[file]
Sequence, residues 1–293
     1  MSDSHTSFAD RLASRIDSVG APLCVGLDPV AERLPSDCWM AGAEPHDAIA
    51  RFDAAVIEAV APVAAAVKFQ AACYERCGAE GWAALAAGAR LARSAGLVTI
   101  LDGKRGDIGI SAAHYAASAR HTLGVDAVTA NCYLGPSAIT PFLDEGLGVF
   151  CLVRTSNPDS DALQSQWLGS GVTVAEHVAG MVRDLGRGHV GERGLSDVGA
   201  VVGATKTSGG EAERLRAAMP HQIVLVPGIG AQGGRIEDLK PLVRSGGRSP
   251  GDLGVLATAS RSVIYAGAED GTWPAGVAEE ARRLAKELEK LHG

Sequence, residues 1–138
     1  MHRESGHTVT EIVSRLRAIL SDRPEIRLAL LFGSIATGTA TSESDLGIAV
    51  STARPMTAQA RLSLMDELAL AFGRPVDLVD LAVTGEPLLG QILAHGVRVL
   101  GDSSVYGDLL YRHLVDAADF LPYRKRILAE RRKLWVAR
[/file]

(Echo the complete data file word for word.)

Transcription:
Sequence, residues 1–293
     1  MSDSHTSFAD RLASRIDSVG APLCVGLDPV AERLPSDCWM AGAEPHDAIA
    51  RFDAAVIEAV APVAAAVKFQ AACYERCGAE GWAALAAGAR LARSAGLVTI
   101  LDGKRGDIGI SAAHYAASAR HTLGVDAVTA NCYLGPSAIT PFLDEGLGVF
   151  CLVRTSNPDS DALQSQWLGS GVTVAEHVAG MVRDLGRGHV GERGLSDVGA
   201  VVGATKTSGG EAERLRAAMP HQIVLVPGIG AQGGRIEDLK PLVRSGGRSP
   251  GDLGVLATAS RSVIYAGAED GTWPAGVAEE ARRLAKELEK LHG

Sequence, residues 1–138
     1  MHRESGHTVT EIVSRLRAIL SDRPEIRLAL LFGSIATGTA TSESDLGIAV
    51  STARPMTAQA RLSLMDELAL AFGRPVDLVD LAVTGEPLLG QILAHGVRVL
   101  GDSSVYGDLL YRHLVDAADF LPYRKRILAE RRKLWVAR